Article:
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I was trying out the time -p command on Linux and I wrote some code to waste CPU cycles:

#include <iostream>

using namespace std;

int main() {
 long int c;

 long int ss;

 for(c = 0;c < 10000000;c++) {
  ss += c*c;
 }

 cout<<ss<<endl;

 return 0;
}

I noticed something funny after running it a few times, however:

me@octopus:~/Desktop> ./test
1292030741067648912
me@octopus:~/Desktop> ./test
1292030742538841328
me@octopus:~/Desktop> ./test
1292030742228685600
me@octopus:~/Desktop> ./test
1292030740402651312
me@octopus:~/Desktop> ./test
1292030740207543344
me@octopus:~/Desktop> ./test
1292030740346553856
me@octopus:~/Desktop> ./test
1292030741629275040
me@octopus:~/Desktop> ./test
1292030740397307072
me@octopus:~/Desktop> ./test
1292030742928964784
me@octopus:~/Desktop> ./test
1292030741780094096

Not only did I not get the same number every time, as I would expect, I didn't get the same number even once. What is going on here?

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2  
Whoops. This is embarrassing. =( –  mimicocotopus Oct 1 '12 at 5:51
    
I'm wondering why you got a different value each time. The 'official language answer' is that it invokes undefined behavior, and this is absolutely true, you should never rely on it behaving in any particular way. But in most implementations it's usually deterministic, and this gives the same result for every run. I'm curious exactly what's going on under the hood that's causing the indeterminism you see. –  Omnifarious Oct 1 '12 at 6:21
    
@Omnifarious The int value is not initialized, therefore it contains whatever was at that memory location, which can change between two executions –  BЈовић Oct 1 '12 at 6:44
    
@BЈовић: Yes. And it's also permissible for the program to crash, or to turn your computer into a large monkey unicorn hybrid that attacks you with barbed tentacles. But, on most implementations, it's a section of the stack that always contains some value left over from program initialization code. Or it's a register that has some value that's always the same for the same reason. I wonder if the implementation is purposely making sure the value varies to help people catch bugs. –  Omnifarious Oct 1 '12 at 6:51
    
@Omnifarious No, you shouldn't catch such problems at run time - rather at compile time. Obviously, the example was not compiled with good compiler options, otherwise it would warn about uninitialized variable (-Wuninitialized option for gcc). –  BЈовић Oct 1 '12 at 6:58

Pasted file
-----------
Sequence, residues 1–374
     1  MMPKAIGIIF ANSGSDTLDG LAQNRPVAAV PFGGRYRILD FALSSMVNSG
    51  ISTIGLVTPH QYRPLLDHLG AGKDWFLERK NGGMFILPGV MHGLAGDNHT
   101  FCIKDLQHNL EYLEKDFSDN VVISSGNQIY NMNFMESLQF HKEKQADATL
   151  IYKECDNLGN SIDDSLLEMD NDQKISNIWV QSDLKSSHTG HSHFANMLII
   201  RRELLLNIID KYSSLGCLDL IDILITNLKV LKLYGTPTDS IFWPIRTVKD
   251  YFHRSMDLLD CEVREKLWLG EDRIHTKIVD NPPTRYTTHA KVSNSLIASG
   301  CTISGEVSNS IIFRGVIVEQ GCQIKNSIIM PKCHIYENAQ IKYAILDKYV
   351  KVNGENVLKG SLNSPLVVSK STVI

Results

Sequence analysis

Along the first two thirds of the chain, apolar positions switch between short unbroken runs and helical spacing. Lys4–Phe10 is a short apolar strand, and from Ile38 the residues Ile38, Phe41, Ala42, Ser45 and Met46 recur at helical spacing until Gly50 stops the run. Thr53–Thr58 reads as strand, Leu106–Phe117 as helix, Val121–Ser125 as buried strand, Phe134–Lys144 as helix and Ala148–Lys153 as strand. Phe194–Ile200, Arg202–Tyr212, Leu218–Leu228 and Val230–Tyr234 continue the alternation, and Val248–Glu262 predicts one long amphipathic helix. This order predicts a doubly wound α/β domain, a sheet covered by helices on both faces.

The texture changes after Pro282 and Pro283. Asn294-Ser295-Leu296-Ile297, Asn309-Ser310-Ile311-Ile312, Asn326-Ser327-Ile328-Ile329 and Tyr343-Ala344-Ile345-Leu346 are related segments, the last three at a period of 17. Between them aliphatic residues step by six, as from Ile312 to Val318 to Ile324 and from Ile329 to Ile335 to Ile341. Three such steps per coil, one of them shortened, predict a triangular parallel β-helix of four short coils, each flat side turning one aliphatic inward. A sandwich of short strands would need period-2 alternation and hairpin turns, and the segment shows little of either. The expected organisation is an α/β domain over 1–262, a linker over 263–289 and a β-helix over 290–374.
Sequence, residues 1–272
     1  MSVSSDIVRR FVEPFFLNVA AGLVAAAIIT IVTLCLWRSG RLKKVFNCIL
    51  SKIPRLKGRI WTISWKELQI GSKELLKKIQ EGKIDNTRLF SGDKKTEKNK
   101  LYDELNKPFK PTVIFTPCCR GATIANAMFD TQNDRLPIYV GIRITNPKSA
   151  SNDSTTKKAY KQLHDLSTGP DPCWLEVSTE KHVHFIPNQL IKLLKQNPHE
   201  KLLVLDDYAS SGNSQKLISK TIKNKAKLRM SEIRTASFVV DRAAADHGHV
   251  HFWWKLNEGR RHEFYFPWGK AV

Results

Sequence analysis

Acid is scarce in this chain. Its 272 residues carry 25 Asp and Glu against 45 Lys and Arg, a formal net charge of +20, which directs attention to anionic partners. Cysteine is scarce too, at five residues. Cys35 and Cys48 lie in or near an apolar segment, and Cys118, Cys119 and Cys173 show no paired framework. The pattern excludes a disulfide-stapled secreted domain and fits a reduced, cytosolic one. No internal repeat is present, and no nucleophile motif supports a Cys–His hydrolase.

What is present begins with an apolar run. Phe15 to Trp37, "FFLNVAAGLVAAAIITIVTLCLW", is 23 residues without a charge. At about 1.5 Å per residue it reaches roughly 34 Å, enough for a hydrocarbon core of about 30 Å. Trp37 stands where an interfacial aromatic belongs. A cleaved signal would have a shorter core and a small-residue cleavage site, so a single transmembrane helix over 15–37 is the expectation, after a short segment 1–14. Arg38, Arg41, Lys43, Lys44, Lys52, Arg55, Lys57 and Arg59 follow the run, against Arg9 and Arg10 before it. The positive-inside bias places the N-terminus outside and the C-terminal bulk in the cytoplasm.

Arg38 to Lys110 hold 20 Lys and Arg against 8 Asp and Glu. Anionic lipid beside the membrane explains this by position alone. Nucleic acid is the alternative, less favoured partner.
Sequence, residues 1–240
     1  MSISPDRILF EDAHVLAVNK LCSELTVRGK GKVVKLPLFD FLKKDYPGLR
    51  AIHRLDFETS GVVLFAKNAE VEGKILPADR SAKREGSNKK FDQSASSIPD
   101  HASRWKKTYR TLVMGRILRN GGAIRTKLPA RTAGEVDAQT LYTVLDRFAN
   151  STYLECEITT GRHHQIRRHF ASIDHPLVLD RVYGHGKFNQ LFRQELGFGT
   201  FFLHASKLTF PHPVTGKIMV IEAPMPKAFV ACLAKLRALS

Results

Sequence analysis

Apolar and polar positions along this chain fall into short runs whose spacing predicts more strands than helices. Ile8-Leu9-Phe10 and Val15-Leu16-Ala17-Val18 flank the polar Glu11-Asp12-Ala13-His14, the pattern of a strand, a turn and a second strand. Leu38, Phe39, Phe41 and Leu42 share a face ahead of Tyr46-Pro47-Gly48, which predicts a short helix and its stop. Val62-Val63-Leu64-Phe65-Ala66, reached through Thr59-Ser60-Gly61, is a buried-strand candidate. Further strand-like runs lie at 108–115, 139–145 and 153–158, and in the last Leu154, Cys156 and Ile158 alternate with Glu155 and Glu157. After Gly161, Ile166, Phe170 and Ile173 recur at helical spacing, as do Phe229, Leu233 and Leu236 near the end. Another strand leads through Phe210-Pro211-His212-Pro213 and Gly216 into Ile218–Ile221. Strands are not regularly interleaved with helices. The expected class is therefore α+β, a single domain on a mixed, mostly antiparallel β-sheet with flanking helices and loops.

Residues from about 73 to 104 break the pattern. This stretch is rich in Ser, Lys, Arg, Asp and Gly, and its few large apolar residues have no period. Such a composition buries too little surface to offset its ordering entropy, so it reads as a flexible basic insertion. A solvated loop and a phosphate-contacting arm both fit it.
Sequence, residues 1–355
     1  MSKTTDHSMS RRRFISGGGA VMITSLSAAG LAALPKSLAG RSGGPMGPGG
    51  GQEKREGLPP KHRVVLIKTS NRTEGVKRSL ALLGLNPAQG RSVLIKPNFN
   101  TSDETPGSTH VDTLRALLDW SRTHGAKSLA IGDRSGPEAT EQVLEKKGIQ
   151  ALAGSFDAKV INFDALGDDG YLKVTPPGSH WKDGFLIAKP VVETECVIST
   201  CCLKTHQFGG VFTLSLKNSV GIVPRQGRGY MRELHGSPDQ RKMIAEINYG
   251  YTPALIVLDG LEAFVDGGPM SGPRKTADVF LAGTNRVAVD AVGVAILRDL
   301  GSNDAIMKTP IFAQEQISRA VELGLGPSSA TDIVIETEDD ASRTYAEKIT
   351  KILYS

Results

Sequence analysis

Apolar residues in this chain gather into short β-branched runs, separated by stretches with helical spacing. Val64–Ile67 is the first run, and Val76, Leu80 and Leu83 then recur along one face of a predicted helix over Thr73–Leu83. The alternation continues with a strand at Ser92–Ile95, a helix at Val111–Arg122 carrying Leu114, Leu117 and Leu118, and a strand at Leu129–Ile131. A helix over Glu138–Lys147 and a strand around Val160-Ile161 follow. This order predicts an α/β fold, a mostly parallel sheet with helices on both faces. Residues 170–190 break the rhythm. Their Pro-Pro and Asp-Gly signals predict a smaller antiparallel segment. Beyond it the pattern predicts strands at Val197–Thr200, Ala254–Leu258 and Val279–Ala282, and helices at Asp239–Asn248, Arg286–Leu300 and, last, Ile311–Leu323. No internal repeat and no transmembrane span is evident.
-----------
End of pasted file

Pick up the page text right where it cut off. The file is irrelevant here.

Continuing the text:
5 Answers 5

up vote 10 down vote accepted

You have not initialized ss to zero therefore its initial value is undefined. You need:

long int ss = 0;
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7  
Nit pick: it's not random. Random suggests you can rely on getting different values when running the program repeatedly. It's undefined. –  hvd Oct 1 '12 at 5:56
1  
@hvd! Even for 'undefined', those 32bits of long will have some value which will correspond to a number. So, I think the word 'random' is fine here. –  Shashwat Oct 1 '12 at 7:33
    
@Shashwat The reason I pointed it out is because depending on the compiler and compiler settings, you could very well by design get the same value every time you run the program. That wouldn't be random, but it would be a valid result of "undefined". –  hvd Oct 1 '12 at 7:37
1  
I'd call the value arbitrary. –  avakar Oct 1 '12 at 8:30
1  
In C++ it's actually undefined behavior to read an uninitialized object. In practice that UB will manifest as reading an arbitrary value, but in theory the optimizer could assume that values are initialized and perform some code transformation that does something more peculiar if it isn't. For example there's no guarantee in C++ that unsigned int a; std::cout << a + a prints an even number, or that std::cout << a << ' ' << a prints the same number twice. Imagine that failure to initialize could upset the register allocator and cause it to not know where a is. –  Steve Jessop Oct 1 '12 at 8:45

You haven't initialized ss. The initial value could be anything.

long int ss = 0;
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You have to initialize ss, otherwise you get unpredictable results.

long int ss = 0;

Uninitialized variables have an undetermined value in C and C++, unlike some other programming languages like Java and C# which get proper default values according to the type. So pay attention to this for C/C++.

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ss += c*c;

is always different because in your first iteration of the loop ss is always random.

You have to initialize it first to 0 to work as you expected.

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It's interesting to hear what a compiler has to say:

#include <cstdio>

int main() {
  long int ss;

  for(long int c = 0; c < 10000000; c++) {
    ss += c*c;
  }

  printf("%ld", ss);

  return 0;
}

(I use C IOs because it produces less junk in the IR, but the behavior is similar with streams)

Procuces the following LLVM IR (with optimizations on):

define i32 @main() nounwind uwtable {
  %1 = tail call i32 (i8*, ...)* @printf(c"%ld\00", i64 undef)
  ret i32 0
}

I believe the undef speaks for itself.

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